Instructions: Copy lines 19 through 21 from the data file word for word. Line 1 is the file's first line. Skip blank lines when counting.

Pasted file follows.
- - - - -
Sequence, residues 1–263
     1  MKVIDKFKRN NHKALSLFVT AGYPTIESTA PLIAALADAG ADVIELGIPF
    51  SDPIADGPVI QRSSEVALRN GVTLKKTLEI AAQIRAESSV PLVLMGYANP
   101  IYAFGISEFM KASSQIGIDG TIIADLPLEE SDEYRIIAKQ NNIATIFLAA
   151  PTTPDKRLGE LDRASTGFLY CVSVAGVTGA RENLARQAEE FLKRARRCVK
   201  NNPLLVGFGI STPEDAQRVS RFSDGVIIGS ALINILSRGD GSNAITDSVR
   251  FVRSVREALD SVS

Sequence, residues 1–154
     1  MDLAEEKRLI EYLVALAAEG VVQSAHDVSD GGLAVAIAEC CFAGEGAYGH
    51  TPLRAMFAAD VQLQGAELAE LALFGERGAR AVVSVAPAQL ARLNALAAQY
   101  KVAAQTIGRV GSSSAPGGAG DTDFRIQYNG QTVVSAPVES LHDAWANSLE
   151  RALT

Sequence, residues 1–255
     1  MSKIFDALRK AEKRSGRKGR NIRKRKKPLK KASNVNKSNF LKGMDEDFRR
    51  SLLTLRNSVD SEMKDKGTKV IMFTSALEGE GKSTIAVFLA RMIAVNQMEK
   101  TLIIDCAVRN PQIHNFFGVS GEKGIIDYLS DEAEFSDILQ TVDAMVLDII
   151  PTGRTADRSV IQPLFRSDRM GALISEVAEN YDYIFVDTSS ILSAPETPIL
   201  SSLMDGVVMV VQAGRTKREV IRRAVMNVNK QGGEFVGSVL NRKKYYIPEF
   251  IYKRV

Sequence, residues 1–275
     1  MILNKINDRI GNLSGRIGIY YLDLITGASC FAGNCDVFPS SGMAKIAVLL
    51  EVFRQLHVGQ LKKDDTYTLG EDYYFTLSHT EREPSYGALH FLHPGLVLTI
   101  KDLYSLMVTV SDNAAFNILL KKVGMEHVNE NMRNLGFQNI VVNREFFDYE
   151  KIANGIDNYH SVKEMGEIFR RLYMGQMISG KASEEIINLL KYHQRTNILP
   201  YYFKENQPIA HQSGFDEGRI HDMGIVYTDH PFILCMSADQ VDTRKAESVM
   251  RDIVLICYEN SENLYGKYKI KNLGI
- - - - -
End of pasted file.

   251  IYKRV

Sequence, residues 1–275
     1  MILNKINDRI GNLSGRIGIY YLDLITGASC FAGNCDVFPS SGMAKIAVLL